Tito Ortiz (right): Stephen Albanese | Tailstar.com
Tito Ortiz will step into unfamiliar territory on Saturday, as he takes on former “TUF 3” protege Matt Hamill in a light heavyweight showdown at UFC 121. The event, which goes down Oct. 23 from the Honda Center in Anaheim, Calif, marks one of the few times this decade that Ortiz isn't at least the co-headliner on the pay-per-view.
Rather than expressing disappointment, however, the former long-time 205-pound champion told members of the media at Wednesday's press conference that the lack of billing has provided him relief.
“It takes lot to headline a pay-per-view. I like to see Brock [Lesnar] and Cain [Velasquez] doing the work,” said Ortiz of the featured heavyweight matchup for Lensar's title. “I'm thankful to Dana White and Lorenzo and Frank Fertitta be on the card.”
Ortiz fielded several questions from the media regarding Lesnar assuming the position “The Huntington Beach Bad Boy” held for so long as the face of the company. With the inherent pressure of carrying the event no longer on his back, Ortiz placed the art of promoting a fight into context.
“I'm very thankful to see Brock make the step from the WWE to [the UFC]. I'm a huge fan of Brock. If you talk s--- and back it up, you're allowed to talk s---.” said Ortiz. “Look at Ali, Tyson. There's a reason why is people pay attention to it. You have to talk the fight up. [The people either] hate you or love you, but the worst thing is when stop talking about you.”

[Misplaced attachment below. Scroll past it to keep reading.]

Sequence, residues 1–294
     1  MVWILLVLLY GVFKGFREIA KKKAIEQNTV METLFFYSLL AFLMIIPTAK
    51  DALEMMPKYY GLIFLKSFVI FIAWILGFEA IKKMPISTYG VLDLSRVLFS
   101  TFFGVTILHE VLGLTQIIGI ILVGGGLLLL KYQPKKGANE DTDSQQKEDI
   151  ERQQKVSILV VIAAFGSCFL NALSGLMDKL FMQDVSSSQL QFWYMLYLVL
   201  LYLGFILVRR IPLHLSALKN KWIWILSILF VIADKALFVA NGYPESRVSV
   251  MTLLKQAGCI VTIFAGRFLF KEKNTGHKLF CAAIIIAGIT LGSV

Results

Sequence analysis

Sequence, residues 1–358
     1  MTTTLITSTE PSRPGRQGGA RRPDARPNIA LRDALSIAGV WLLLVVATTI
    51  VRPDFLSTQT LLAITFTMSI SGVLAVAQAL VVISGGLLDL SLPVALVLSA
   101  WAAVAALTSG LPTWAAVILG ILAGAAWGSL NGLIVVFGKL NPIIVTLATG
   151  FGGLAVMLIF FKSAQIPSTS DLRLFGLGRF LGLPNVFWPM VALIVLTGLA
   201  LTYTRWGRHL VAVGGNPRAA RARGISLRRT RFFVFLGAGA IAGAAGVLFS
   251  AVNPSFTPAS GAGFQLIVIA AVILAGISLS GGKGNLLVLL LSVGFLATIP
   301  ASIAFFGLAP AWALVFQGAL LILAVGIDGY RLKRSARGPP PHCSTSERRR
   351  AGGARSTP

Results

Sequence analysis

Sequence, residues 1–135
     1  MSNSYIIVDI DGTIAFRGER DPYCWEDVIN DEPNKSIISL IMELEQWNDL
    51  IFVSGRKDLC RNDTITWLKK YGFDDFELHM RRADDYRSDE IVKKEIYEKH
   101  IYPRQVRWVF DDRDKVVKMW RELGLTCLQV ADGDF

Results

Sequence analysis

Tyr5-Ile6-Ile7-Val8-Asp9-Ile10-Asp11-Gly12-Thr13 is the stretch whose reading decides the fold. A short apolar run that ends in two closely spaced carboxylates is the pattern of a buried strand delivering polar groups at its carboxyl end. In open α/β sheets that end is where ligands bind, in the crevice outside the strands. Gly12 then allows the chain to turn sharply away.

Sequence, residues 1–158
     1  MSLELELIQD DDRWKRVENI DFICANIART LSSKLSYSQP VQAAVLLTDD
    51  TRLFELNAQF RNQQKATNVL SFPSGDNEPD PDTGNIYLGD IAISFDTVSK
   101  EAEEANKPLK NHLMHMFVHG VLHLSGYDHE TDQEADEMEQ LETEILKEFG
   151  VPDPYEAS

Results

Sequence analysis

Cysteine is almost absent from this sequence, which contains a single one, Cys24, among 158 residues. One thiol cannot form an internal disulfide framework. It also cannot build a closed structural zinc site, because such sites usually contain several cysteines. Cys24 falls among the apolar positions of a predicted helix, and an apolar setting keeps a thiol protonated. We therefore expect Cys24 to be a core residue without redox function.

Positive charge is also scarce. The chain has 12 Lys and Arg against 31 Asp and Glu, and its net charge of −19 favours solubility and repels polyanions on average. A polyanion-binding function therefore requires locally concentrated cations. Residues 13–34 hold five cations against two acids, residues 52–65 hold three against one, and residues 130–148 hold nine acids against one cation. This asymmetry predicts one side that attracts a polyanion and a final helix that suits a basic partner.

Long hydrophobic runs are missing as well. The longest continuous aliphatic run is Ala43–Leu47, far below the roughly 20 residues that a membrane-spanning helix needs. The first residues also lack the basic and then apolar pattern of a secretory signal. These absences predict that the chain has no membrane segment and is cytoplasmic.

The UFC veteran, who made his MMA debut at UFC 13 in 1997, has long battled issues with his back and neck. The 35-year-old is coming off a Mar. 15 neck surgery that has apparently allowed Ortiz to train harder than he has in seven years. Ortiz went into detail on Wednesday regarding how quickly he's returning to action following his operation.
“A month after [the surgery], I could leave the house. A month after that, I was jogging. Three months later, I was doing jiu-jitsu, and I fought out of guillotine,” Ortiz said, confessing that he was hesitant to test his neck's durability in training. “In the middle of July, I saw this card and called Dana.”
The former champion queried whether there was still an opening on the card. When White confirmed that there was a slot available, The Team Punishment founder asked the UFC president to allow him two weeks to truly measure the progress of his recovery.
“About a week and two days into [that two week period], I hit a double-leg and knocked the wind out of my training partner. Then I hit a single and got dropped on my head, and my neck was fine. I finally came to realize that my neck was okay and I had to believe in myself,” he said. “I'm doing things now that I was doing when I was world champion.”
Regarding his matchup with Hamill and career thereafter, Ortiz is taking things one step at a time.
“I just need to work way back on top. The fight game is my life. I'm coming off of two major surgeries, and now I have no more problems,” he said. “Hamill is awesome, but I plan on getting my hand raised. When I prove myself on Saturday night, it'll be in the UFC's hands.”
On the subject of a potential third fight with Chuck Liddell, Ortiz was receptive, but stated that it was ultimately up to White to decide.
“I wanted to fight Chuck no matter what. Dana said he closed door on that, but I want the opportunity to fight Chuck at 100 percent. Only time will tell, but I'm willing. I promised that I'd fight Chuck, and I'm a man of my word.”
White snuffed any further conversation, however, as the press conference came to a close.
“Time won't tell,” he said. “Chuck's not fighting anymore. It's not going to happen.”